Emi Koyama, a trans feminist activist and harm reduction advocate, theorizes the victim-to-survivor trajectory and related transformational trauma discourse as heteronormative, neoliberal, and capitalistic. Koyama asserts that victimhood is stigmatized because “society needs victims to quickly transition out of victimhood into survivorship so that we can return to our previous positions in heteronormative and capitalist social and economic arrangements” (Koyama 2001). The “compulsory hopefulness and optimism of the “trauma recovery industry” frames traumatic events as interruptions to ‘normal life’ and is successful in marketing guidebooks and step-by-step guides for returning to romanticized normalcy (Koyama 2001). However, given the pervasiveness of sexual violence in the United States, Black women’s continued disproportionate vulnerability, and the fundamental role that Black women’s sexual and reproductive expropriation played in our nation’s ideological and economic establishment, what is normalcy? Refusing the neat periodization that the victim-to-survivor-trajectory evokes, Koyama explains that:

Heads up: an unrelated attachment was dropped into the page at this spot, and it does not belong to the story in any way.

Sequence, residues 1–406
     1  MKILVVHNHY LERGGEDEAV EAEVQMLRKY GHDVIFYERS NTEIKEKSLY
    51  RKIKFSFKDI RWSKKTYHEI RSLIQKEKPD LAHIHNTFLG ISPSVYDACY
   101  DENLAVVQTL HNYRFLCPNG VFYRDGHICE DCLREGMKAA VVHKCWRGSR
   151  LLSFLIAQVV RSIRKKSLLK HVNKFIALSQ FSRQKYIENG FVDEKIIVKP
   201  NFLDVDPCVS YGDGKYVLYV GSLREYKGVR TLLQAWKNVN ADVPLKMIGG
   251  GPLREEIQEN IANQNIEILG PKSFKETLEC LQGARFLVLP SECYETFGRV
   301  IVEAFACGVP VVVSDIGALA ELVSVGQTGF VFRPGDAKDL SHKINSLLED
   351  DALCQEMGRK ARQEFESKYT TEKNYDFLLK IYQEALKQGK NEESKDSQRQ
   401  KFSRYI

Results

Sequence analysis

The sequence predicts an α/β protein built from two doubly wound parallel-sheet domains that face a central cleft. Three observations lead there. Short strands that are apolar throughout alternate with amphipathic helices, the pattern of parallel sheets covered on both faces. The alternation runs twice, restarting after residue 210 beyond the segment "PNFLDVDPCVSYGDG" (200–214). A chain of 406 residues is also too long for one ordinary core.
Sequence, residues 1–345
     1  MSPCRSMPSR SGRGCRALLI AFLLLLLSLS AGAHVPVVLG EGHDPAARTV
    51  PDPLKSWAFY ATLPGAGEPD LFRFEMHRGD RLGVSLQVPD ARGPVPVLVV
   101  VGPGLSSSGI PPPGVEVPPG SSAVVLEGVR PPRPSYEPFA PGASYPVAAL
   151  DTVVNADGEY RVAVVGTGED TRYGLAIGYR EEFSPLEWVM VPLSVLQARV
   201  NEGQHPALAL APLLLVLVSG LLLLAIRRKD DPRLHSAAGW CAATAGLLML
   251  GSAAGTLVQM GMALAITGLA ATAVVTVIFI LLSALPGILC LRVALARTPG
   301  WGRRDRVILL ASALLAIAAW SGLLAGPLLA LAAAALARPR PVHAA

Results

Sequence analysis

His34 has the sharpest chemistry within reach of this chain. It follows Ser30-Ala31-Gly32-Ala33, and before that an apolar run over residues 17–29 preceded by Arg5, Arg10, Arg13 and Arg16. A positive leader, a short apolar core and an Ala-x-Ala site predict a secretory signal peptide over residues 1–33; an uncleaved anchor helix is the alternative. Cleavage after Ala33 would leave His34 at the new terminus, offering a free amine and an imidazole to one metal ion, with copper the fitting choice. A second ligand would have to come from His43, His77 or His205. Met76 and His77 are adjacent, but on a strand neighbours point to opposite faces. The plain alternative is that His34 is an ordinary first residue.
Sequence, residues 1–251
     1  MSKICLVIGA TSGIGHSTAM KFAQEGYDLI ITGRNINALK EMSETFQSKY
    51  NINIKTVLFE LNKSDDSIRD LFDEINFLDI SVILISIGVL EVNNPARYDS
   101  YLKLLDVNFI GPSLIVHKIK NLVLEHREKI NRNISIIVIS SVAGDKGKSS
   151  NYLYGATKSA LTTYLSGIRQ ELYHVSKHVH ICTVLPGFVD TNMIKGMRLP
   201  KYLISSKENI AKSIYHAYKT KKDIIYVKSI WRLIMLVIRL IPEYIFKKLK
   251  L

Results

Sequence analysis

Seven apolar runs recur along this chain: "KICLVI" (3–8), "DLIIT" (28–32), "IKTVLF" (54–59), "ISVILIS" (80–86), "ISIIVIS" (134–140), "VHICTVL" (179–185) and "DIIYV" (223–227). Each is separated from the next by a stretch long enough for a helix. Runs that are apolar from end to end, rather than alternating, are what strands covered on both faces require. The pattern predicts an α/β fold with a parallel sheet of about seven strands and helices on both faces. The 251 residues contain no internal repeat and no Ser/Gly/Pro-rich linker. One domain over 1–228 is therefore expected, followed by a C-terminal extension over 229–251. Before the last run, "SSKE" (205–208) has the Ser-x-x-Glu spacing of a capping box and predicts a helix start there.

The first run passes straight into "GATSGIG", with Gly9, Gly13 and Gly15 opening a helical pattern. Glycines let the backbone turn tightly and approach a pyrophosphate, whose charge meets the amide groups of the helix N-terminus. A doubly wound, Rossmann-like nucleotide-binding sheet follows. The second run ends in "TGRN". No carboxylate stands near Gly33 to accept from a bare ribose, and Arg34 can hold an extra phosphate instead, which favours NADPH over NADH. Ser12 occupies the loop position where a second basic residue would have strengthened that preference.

Our common understanding of that it is exceptional and disruptive rather than the norm. But when life is a constant stream of difficulties, as it often is for children and adults in abusive long-term relationships, and for people who face multiple layers of oppression such as racism, poverty, homophobia/transphobia, and ableism, trauma becomes the norm. Society prescribes a model of healing that is linear and short-term, as exemplified by the for-profit health insurance system that limits counseling to a certain number of sessions, if any. Even within survivor advocacy, we often hear about the linear progression from being a dreadful “victim” to empowered “survivor” as the idealized path toward healing (Koyama 2013).